By Chad Ingram
Published May 23 2017
Haliburton-Kawartha Lakes-Brock MPP Laurie Scott is glad that victims of human trafficking in Ontario will have greater recourse after the government passed Bill 96 the Anti-Human Trafficking Act into law in Queen’s Park last week.
“On behalf of the PC caucus I want to say finally” Scott said during third-reading debate on the bill in the legislature May 17. “We’ve been waiting for legislative action for over a year.”
The new law is heavily based on a private member’s bill called the Saving the Girl Next Door Act that Scott first tabled in early 2016. Among other protections for victims the bill recommended giving them the option to sue their traffickers rather than having to go through the trauma of reliving their experience in a courtroom. It received second reading on Feb. 18 2016 but was never called to committee by the government the next step in turning a bill into a law.
After Premier Kathleen Wynne prorogued the legislature last September thereby killing any bills that had not completed the legislative process Scott reintroduced her private member’s bill later that month.
On Feb. 22 of this year the Liberal government tabled the Anti-Human Trafficking Act which borrowed much of its content from the Saving the Girl Next Door Act.
“There is much more to follow through on with respect to anti-human trafficking measures” Scott said last week.
“We need public service announcements we need education. We cannot allow human trafficking to be a normal part of our society. Collectively we have to stamp it out.
“I am putting the government on notice: I will continue to watch their actions on this file closely but I appreciate the fact that we are finally adopting anti-human trafficking legislation.”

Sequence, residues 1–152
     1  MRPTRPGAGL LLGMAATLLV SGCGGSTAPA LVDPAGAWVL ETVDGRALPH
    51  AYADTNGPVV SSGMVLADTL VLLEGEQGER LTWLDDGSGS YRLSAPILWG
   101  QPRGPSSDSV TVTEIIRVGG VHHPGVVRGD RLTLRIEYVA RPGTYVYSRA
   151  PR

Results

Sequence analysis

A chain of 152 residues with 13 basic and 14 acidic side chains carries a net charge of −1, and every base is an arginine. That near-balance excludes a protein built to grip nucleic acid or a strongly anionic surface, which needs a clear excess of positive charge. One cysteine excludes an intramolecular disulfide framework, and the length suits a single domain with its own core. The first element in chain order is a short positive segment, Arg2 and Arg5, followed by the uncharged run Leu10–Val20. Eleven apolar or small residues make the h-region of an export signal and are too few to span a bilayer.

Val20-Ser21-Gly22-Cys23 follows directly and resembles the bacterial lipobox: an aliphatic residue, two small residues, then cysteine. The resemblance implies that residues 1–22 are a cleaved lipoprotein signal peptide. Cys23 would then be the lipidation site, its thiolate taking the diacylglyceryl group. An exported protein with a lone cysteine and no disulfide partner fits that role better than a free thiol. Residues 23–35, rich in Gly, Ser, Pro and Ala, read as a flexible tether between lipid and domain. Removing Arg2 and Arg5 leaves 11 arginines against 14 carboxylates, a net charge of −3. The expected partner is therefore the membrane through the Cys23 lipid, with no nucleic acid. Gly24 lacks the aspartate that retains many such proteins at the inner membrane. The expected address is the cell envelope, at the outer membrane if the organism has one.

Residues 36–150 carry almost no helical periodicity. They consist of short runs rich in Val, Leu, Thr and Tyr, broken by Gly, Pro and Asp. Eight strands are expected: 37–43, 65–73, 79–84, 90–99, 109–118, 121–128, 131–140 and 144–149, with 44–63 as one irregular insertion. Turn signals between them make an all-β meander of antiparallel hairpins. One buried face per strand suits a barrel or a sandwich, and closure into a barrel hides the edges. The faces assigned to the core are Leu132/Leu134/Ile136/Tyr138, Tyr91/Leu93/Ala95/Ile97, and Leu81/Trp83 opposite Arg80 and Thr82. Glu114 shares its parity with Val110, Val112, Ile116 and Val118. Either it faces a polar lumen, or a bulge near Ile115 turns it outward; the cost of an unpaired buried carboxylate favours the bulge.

In late 2014 Scott who is the PC party’s critic for women’s issues spearheaded the creation of an all-party standing committee on sexual violence and harassment on which she served as vice-chair.
An alarming finding in the committee’s final report which was released in 2015 was the frequency of human trafficking – typically of young girls and women for sexual purposes – occurring in Ontario.
“While human trafficking is commonly associated with foreign victims crossing international borders recent charges and convictions indicate that the vast majority of victims in Canada (over 90 per cent) are trafficked domestically (i.e. all stages of the trafficking occur within Canadian borders)” the report read.
“Human trafficking for the purpose of sexual exploitation has been found to be the most common form of trafficking in Canada with Ontario functioning as a major ‘hub.’ In these cases traffickers force victims to provide sexual services to customers usually in exchange for money.”
Two thirds of all police-reported human trafficking cases in Canada happen in Ontario.